When Michael Arad began sketching an idea for a memorial commemorating a day that forever changed the iconic skyline of New York City, he wasn’t doing it for a client, he was doing for it himself. Yet, 10 years later, it is the Israeli-American’s design that has come to life on the spot where the Twin Towers of the World Trade Centre once stood.
Opening on Sunday 11 September 2011, Arad’s Memorial Plaza consists of two reflective pools on the footprints of the fallen towers, the edges of which have the names of those killed on that day etched in bronze. Arad’s memorial is part of the re-development of the World Trade Centre complex, as envisioned by Daniel Libeskind, the master planner of Ground Zero. Pre-9/11, it consisted of seven buildings that were the financial hub of the United States. Now, construction continues to make sure that over the next few years, it will once more act as a nucleus of both economic and city life.
The Memorial Plaza, which Arad designed, is only one part of the 16-acre site, although it takes up half of that space. Dealing with the explanation part of 9/11, an accompanying museum opens next year and was designed by Norwegian architect Craig Dykers and his company Snøhetta, which also counts the Alexandria Library in Egypt as one of their previous successes.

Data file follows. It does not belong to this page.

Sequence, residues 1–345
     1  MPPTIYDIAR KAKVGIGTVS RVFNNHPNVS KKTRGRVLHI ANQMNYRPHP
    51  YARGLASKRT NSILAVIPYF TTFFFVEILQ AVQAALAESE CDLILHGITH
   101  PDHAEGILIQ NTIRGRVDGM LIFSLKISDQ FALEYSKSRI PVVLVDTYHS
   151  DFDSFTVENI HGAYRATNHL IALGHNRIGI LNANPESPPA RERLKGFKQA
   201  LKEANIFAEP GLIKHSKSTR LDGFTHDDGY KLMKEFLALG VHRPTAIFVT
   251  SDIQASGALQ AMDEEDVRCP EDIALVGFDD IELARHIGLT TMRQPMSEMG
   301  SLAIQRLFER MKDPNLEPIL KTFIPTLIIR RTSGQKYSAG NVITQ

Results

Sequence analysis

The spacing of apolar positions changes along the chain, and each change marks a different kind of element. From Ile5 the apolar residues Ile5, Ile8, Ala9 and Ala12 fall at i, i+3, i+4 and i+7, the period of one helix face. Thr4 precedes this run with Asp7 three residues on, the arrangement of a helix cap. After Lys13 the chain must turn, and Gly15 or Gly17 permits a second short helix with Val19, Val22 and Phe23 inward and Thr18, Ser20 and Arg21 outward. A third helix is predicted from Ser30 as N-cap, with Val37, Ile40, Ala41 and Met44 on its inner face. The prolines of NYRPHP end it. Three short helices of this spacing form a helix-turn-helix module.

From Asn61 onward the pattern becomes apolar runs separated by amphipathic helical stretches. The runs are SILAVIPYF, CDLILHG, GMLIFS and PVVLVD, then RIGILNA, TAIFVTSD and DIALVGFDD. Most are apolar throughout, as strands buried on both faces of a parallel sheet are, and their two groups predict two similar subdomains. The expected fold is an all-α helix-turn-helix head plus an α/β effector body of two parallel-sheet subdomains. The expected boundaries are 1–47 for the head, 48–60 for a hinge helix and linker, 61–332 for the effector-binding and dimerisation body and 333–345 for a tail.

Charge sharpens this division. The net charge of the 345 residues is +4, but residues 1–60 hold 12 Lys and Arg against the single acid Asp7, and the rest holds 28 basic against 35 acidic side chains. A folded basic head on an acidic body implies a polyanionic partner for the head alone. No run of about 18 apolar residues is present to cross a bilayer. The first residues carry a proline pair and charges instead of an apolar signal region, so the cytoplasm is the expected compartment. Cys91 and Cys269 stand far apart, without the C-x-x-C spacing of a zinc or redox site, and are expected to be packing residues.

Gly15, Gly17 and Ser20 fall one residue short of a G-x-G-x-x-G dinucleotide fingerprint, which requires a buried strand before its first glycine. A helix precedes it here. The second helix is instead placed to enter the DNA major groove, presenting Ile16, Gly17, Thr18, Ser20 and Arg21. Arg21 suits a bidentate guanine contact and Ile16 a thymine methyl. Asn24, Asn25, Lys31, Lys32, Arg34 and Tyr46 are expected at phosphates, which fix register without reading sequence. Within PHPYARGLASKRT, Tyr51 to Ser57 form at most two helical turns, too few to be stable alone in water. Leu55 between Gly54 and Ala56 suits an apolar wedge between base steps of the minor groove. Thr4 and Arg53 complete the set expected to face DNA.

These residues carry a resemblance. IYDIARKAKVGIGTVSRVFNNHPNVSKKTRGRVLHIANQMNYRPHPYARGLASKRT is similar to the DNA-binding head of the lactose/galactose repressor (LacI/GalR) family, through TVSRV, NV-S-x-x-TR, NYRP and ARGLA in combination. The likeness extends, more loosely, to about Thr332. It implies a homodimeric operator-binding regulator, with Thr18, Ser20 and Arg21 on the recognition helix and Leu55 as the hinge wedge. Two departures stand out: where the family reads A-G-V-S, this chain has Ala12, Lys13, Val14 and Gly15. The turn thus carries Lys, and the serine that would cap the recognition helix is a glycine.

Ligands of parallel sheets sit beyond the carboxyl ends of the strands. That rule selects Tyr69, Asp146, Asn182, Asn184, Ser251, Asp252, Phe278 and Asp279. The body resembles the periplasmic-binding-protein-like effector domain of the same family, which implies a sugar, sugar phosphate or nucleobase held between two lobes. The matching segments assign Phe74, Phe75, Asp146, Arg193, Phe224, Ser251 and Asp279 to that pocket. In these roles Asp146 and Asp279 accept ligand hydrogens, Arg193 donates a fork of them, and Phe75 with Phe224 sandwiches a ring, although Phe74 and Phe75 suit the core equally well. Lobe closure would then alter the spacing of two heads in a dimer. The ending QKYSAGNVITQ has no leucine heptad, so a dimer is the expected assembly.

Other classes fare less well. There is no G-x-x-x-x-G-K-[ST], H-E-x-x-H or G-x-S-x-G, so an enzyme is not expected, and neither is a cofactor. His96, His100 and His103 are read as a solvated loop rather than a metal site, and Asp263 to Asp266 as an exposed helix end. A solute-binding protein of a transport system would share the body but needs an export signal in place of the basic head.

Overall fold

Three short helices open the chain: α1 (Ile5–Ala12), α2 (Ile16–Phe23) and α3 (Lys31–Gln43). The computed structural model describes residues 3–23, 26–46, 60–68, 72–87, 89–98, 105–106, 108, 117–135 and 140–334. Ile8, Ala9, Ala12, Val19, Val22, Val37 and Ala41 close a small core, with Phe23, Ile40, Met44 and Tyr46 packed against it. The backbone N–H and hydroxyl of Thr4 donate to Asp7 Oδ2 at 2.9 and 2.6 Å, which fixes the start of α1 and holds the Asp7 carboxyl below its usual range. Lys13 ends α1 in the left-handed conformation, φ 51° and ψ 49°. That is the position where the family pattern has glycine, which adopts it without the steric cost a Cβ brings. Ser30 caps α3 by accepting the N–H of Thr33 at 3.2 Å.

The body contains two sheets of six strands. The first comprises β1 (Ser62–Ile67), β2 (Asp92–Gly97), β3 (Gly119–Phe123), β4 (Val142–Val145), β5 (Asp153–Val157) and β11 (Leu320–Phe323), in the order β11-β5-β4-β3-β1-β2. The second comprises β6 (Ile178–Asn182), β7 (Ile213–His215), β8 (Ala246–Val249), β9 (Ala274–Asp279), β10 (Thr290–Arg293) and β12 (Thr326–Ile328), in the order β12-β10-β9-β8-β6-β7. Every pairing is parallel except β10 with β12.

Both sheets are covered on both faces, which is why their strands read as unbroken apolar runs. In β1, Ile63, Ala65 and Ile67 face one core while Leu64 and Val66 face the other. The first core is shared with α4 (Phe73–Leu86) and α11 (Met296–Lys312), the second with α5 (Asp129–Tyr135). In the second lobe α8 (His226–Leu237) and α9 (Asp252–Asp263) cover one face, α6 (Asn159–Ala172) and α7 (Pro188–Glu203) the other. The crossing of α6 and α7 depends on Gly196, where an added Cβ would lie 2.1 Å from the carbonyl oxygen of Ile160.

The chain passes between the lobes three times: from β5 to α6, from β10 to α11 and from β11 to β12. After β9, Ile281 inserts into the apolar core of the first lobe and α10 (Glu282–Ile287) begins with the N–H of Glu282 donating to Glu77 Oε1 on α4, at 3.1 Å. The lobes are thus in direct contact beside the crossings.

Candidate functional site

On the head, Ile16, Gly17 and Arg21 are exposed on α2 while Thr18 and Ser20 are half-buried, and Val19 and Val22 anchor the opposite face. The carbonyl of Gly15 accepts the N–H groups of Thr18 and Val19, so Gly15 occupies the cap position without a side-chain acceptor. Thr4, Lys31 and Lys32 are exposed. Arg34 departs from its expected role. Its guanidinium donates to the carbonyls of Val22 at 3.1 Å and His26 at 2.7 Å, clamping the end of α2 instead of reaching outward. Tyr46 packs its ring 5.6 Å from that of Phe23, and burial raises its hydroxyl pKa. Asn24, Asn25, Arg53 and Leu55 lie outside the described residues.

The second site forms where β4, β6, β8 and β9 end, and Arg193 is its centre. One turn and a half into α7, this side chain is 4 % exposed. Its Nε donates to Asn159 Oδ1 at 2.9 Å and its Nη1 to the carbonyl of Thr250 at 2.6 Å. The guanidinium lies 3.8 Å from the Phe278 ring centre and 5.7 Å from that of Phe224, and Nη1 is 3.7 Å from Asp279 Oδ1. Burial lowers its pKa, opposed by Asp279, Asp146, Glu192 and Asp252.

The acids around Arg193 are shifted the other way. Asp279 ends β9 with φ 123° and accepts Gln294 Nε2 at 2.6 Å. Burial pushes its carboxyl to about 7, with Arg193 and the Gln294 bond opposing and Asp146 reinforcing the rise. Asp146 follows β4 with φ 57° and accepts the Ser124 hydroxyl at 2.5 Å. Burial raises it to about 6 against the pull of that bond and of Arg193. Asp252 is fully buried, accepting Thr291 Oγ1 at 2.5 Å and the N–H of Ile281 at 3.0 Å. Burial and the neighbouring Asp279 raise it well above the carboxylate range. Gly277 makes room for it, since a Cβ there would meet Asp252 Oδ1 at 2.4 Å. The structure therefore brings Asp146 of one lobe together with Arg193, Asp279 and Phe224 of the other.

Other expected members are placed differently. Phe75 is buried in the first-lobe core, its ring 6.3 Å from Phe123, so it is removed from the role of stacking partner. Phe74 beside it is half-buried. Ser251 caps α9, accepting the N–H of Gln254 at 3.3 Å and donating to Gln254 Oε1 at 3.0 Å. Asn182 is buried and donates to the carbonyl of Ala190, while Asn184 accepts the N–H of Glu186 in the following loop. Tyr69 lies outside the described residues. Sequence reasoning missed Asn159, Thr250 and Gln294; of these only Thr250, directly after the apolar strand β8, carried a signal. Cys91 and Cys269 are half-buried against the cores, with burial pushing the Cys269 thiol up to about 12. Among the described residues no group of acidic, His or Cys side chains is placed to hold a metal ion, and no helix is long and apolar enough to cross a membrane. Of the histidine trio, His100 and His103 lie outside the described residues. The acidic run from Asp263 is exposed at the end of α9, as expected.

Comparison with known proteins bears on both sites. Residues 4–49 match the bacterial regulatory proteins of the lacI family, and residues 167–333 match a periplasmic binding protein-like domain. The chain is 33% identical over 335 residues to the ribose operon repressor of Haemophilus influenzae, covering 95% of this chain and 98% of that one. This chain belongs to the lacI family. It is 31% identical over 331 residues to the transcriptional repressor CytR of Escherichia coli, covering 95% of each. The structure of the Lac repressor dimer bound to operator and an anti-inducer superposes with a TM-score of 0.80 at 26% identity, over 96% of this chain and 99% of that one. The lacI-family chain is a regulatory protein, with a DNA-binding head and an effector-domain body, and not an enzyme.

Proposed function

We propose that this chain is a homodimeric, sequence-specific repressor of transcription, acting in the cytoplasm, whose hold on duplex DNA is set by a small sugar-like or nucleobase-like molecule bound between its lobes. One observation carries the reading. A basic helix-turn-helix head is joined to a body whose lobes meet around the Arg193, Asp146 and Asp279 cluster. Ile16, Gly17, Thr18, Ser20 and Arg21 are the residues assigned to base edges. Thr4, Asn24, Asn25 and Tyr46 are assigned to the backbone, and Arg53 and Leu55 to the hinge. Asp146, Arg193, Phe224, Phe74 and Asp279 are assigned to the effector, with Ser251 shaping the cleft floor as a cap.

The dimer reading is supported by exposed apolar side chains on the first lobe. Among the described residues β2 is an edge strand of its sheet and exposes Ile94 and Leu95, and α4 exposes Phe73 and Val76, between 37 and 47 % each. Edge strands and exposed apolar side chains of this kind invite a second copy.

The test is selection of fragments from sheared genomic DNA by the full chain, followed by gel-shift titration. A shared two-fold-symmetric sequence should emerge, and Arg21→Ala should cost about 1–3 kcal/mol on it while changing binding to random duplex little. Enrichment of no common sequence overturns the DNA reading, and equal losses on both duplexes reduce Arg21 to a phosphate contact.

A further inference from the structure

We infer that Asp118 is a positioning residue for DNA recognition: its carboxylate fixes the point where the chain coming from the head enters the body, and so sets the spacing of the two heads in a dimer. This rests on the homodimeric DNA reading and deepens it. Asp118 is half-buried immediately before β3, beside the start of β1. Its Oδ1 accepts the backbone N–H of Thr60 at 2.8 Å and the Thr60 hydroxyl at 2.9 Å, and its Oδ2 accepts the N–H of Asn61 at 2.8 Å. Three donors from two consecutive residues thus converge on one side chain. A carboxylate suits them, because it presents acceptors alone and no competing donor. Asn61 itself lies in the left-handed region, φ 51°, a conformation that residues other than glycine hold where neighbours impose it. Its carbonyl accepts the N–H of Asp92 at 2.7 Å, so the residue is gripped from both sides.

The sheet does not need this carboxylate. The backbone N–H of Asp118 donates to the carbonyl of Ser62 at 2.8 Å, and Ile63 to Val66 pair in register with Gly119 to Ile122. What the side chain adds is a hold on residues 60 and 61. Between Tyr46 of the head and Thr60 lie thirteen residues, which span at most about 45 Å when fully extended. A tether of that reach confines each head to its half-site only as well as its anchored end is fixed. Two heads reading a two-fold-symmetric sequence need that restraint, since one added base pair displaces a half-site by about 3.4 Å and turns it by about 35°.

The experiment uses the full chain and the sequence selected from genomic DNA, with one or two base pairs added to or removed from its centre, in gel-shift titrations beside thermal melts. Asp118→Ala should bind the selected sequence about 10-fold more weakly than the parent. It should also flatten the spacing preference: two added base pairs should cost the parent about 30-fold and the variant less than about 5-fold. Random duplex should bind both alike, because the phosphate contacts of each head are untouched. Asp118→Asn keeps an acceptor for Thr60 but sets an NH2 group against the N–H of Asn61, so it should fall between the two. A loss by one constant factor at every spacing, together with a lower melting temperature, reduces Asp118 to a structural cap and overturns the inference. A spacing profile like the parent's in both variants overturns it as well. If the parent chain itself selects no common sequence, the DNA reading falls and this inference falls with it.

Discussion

Given the task of reflection, Arad trumped over 5 000 entrants in an international competition to create a design that would remember and honour the people killed in both the terrorist attacks of 11 September 2001 and the bombing of the WTC on 26 February 1993.
Like so many New Yorkers in the aftermath of 11 September, Arad was looking for a way to deal with what had happened. “I started drawing ideas a few months after the attacks. There was no competition at the time, it was just something that, as a New Yorker, I felt compelled to come to terms with,” Arad confesses.
He tells the story of living in the East Village at the time, and seeing a pastry store next-door putting up a cake in the window, with a picture of the Twin Towers on it, saying “We Will Never Forget”. “I was shocked to see that,” he says. “It seemed to me to be the last place I expected to see a memorial.”
But Arad grew to appreciate the gesture behind it, just as his ideas for what a possible memorial would be, grew too: “Those were the means at [the pastry store’s] disposal. If you’re a baker, you’ll make a cake, if you’re an artist or an architect you’ll start sketching or drawing.”